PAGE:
From accident to improvement
The light on the aisle floor is only one example of safety features that have become obligatory in all airliners as a result of a crash.
1971: PLANE HITS MOUNTAIN SIDE IN DENSE FOG
Accident: At an altitude of 750 m, a Boeing 727 approaching the Juneau Airport in Alaska strikes a mountain side and is destroyed. Because of dense fog and clouds, the pilots weren't able to see anything. Result: All major planes are equipped with the Ground Proximity Warning system. Objects that rise above the flying altitude are marked in red on a display.
1983: LAVATORY FIRE HAS FATAL CONSEQUENCES
Accident: During a flight from Dallas, Texas, to Toronto, Canada, a Douglas DC-9 must force-land due to fire. The smoke makes it difficult for passengers to find the emergency exits, and 23 people die. Result: The floors of all airliners include shining stripes that guide passengers to the emergency exits in the dark. Smoke alarms become mandatory in lavatories.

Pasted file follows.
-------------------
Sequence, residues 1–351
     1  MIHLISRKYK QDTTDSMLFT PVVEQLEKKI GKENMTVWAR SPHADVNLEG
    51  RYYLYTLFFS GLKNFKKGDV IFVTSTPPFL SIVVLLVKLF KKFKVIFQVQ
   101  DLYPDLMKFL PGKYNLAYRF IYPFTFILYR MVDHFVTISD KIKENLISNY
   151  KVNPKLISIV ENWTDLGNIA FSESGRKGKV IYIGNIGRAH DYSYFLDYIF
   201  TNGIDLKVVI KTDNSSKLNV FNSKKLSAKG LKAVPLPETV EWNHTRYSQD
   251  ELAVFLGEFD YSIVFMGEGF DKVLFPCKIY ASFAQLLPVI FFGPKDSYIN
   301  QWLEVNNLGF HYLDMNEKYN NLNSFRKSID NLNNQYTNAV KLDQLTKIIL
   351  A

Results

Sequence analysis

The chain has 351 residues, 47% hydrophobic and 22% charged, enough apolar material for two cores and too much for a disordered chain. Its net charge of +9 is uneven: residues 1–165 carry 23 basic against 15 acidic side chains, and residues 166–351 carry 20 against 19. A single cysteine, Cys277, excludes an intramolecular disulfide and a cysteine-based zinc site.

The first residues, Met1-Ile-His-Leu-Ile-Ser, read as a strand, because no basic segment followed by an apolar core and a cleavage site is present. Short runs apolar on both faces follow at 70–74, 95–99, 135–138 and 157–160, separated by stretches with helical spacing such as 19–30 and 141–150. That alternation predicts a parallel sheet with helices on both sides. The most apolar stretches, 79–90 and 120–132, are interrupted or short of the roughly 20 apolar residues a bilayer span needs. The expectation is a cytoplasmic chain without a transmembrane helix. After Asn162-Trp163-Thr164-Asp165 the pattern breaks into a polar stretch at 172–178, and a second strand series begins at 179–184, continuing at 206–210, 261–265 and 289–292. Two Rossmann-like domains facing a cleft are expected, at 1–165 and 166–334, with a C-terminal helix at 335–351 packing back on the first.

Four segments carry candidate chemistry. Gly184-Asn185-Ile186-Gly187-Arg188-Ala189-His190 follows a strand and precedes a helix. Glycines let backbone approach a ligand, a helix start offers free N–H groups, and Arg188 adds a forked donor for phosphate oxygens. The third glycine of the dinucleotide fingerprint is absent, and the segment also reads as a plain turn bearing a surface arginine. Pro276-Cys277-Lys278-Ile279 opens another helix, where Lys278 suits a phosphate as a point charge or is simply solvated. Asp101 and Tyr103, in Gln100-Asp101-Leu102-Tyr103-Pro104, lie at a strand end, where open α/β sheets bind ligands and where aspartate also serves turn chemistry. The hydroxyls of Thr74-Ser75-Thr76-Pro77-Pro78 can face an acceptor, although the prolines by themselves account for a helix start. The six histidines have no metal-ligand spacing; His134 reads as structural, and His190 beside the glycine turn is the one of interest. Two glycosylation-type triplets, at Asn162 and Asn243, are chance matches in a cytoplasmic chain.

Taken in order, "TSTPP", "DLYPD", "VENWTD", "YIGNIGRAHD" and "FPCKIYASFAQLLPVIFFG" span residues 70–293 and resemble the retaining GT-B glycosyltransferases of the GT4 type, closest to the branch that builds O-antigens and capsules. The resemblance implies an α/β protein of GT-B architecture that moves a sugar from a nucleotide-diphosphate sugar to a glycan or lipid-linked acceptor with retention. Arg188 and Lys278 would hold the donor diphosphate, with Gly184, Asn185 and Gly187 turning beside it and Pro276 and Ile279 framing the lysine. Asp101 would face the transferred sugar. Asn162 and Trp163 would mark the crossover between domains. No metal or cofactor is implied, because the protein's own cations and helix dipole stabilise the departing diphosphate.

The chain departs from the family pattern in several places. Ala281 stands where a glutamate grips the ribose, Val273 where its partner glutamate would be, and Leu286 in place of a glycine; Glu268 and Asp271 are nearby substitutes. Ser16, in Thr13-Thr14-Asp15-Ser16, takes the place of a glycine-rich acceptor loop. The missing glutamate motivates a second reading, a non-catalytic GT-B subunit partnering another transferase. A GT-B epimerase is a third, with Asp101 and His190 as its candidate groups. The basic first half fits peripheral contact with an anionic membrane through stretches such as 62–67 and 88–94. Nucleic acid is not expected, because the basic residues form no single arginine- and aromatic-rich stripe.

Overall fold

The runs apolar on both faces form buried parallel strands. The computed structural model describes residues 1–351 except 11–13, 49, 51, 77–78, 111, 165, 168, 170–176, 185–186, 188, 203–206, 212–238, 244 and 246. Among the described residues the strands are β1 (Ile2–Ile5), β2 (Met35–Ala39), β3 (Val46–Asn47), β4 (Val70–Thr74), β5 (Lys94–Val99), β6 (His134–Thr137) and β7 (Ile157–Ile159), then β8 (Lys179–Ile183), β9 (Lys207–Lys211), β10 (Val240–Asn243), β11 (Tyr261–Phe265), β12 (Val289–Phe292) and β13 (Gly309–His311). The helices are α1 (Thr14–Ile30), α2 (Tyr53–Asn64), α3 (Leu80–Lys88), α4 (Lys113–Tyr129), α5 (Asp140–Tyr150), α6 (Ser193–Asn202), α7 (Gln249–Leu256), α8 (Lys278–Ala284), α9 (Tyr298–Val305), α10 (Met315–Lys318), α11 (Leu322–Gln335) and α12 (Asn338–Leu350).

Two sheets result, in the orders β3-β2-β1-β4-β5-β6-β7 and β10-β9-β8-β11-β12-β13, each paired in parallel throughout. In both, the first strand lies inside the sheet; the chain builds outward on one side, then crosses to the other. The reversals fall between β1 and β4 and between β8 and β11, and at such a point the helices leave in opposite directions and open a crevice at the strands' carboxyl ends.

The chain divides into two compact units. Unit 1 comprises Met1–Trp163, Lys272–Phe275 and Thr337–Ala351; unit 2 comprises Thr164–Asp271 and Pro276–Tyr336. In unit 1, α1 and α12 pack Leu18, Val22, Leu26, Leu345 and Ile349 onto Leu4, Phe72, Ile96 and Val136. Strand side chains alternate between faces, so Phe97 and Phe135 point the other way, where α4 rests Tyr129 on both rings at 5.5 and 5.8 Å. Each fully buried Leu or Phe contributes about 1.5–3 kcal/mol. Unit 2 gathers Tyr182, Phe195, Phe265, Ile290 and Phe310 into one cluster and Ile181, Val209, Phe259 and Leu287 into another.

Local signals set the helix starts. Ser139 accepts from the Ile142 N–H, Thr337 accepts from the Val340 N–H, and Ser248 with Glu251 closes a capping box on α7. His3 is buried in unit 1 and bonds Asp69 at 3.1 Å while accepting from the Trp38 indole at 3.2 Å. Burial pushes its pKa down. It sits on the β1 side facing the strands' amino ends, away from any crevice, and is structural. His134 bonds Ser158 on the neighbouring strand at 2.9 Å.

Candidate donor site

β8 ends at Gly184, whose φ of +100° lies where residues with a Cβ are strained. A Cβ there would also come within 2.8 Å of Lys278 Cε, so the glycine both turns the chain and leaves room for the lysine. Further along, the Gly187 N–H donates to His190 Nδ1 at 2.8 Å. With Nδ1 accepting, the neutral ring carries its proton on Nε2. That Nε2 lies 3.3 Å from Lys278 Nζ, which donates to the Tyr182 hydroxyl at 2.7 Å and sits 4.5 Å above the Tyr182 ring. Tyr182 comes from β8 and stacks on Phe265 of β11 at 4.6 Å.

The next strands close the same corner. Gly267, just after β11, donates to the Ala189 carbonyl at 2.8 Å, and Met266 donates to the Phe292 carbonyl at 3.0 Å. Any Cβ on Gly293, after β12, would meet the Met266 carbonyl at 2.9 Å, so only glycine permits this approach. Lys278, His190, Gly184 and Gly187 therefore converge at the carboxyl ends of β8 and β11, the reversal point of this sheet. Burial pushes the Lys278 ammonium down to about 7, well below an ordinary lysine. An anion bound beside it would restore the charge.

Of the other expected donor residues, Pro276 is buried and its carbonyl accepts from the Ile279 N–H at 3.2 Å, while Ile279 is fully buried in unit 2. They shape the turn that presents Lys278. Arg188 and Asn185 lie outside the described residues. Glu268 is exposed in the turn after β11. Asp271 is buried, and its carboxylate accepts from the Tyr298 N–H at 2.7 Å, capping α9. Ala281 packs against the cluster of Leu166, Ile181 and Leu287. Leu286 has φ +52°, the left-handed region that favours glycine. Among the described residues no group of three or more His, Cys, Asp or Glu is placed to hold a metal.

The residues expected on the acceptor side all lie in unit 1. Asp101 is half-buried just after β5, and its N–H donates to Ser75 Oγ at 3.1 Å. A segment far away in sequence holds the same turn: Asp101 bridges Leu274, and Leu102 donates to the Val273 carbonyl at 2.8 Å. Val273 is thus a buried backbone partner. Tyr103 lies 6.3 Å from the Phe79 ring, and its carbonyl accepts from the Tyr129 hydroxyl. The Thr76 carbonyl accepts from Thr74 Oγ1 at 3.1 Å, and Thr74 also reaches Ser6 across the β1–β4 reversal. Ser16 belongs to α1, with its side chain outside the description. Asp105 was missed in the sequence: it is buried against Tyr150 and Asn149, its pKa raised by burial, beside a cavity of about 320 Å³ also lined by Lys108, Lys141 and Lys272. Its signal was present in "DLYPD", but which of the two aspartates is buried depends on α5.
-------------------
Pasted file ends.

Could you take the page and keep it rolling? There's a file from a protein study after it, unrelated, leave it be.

1985: FLEEING PASSENGERS TRAPPED BY EMERGENCY EXIT
Accident: A Boeing 737 abandons take-off in Manchester Airport due to fire, immediately landing again. During the evacuation, an emergency exit "traffic jam" makes 55 people die of smoke inhalation. Result: At the emergency exits above the wings, seats are removed to allow more space for evacuation, and standard evacuation procedures are introduced.